Considering that my blog purportedly appears most often in searches for “mangasteen” (a fruit I mentioned in passing on a post on Thailand) I thought I would describe another fruit which we “discovered” recently – this time in Spain – which initially reminded me of managsteens (or more correctly known as mangosteens, which I guess explains the amount of hits I get on this obscure topic).
Appropriately, they are “same same but different” (to use a popular Thai tourist phrase):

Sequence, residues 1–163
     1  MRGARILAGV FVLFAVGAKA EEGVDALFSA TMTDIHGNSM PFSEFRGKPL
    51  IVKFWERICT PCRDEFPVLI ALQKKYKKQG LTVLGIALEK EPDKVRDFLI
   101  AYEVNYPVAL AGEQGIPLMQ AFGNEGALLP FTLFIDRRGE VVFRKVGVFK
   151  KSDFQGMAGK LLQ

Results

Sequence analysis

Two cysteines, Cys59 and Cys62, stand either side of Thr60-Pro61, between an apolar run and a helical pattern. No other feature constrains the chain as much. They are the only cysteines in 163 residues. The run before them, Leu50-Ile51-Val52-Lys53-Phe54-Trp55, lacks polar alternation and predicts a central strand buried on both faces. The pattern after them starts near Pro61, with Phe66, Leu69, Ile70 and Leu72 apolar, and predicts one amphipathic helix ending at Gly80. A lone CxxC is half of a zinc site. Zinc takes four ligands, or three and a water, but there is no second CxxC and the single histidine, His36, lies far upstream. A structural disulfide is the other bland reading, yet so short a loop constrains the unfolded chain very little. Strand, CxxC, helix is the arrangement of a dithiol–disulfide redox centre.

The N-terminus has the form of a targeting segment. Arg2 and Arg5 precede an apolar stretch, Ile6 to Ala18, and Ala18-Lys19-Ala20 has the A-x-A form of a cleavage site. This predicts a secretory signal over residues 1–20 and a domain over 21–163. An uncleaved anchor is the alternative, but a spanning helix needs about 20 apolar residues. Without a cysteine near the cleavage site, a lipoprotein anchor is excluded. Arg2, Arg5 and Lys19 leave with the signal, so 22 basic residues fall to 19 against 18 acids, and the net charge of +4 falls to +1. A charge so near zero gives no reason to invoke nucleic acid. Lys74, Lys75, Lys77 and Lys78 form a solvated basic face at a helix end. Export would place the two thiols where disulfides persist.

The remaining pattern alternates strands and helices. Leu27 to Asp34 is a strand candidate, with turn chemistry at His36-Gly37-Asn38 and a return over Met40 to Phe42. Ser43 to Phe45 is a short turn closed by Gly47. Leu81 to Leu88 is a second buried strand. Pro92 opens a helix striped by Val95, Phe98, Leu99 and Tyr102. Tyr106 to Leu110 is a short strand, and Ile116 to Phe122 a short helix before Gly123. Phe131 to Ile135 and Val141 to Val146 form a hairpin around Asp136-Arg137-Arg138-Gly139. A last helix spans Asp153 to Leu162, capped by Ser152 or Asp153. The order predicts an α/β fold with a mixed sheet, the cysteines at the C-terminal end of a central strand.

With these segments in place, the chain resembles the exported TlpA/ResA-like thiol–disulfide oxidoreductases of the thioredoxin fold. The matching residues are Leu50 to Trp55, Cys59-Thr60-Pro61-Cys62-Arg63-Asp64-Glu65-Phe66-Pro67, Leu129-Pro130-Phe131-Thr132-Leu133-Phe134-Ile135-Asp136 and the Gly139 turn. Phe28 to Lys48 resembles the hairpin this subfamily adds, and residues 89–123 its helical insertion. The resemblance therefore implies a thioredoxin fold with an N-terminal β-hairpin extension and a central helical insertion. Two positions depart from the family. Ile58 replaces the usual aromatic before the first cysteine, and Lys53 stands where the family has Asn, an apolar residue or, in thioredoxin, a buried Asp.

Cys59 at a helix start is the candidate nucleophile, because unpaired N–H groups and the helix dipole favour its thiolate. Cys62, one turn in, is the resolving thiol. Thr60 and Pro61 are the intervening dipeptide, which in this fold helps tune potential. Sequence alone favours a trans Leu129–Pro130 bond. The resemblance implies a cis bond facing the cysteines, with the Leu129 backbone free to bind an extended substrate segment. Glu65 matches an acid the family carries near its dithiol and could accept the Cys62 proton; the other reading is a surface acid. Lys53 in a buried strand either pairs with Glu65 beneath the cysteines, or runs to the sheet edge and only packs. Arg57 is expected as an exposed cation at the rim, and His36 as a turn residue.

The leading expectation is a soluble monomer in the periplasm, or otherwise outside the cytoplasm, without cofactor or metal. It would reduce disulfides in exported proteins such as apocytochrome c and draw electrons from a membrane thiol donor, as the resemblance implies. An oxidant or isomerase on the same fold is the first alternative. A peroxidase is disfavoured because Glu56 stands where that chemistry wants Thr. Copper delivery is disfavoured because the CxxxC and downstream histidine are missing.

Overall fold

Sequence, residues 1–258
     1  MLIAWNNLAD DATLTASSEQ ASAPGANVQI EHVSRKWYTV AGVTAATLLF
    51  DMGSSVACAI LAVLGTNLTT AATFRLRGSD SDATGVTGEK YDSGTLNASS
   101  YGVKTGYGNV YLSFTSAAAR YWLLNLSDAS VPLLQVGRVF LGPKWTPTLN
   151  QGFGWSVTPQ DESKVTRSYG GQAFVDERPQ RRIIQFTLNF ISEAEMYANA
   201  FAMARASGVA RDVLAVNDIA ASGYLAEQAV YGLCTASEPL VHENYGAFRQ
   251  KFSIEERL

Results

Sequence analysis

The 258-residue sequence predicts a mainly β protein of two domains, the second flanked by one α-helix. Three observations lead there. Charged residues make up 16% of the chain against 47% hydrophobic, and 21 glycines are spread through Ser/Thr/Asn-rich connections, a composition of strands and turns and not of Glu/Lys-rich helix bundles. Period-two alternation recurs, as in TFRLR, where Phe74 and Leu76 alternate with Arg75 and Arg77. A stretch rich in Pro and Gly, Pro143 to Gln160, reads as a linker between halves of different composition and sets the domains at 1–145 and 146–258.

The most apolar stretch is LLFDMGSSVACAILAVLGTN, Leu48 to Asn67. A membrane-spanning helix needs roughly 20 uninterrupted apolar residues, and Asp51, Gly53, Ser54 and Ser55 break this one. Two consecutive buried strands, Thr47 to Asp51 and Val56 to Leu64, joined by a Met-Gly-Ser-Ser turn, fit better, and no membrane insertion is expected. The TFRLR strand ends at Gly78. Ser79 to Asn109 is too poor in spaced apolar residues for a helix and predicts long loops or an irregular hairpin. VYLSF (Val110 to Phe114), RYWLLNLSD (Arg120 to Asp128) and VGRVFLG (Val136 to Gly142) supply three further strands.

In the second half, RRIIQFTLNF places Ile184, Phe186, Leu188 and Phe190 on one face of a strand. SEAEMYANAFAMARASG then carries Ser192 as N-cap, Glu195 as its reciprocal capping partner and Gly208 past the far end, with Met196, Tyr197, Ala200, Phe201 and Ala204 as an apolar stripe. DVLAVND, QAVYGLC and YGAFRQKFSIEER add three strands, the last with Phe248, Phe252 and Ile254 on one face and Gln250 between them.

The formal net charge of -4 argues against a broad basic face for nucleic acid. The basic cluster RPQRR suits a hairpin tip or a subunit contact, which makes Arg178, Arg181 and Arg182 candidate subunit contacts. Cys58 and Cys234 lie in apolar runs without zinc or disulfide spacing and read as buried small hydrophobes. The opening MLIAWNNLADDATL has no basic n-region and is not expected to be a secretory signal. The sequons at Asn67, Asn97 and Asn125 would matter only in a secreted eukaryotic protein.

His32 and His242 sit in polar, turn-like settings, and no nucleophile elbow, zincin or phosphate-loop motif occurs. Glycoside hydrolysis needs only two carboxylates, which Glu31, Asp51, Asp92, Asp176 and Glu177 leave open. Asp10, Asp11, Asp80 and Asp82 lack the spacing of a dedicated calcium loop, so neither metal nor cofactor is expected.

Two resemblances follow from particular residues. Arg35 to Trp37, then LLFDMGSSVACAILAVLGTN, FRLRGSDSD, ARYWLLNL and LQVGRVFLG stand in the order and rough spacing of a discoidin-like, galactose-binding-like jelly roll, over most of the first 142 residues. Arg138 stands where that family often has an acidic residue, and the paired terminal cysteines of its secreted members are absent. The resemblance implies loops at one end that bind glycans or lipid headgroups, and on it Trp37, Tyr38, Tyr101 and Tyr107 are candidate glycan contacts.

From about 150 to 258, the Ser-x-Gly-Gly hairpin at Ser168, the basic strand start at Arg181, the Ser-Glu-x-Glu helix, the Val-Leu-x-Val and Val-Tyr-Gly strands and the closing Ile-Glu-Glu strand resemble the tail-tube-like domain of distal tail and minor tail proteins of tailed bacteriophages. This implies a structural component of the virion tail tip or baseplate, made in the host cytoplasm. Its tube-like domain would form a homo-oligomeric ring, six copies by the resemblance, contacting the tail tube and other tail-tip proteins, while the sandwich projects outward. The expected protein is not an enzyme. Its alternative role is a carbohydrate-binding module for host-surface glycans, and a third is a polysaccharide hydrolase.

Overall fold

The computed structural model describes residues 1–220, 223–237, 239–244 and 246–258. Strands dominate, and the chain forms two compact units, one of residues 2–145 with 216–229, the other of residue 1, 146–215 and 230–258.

Both are small and round…
and when you cut into the flesh around the circumference, twist and pull apart, you reveal a bulbous interior.
The difference is that, while you eat the white part of the mangasteen (called the endocarp or aril) and discard the purple rind (or exocarp)…
… with the nispero, you remove the large dark seeds or pips (which are said to be slightly poisonous), pull off the thick skin, cut off the little ends, and eat the juicy, acidic orange-coloured flesh.
Actually, in Australia the nispero is known as a loquat, and originates from China, but I don’t believe I had ever tasted it before buying nisperos in Spain.
Sometimes you have to go half-way around the world to notice something that exists on your very own doorstep.
Now my mouth is watering in memory. I wonder if loquats are in season?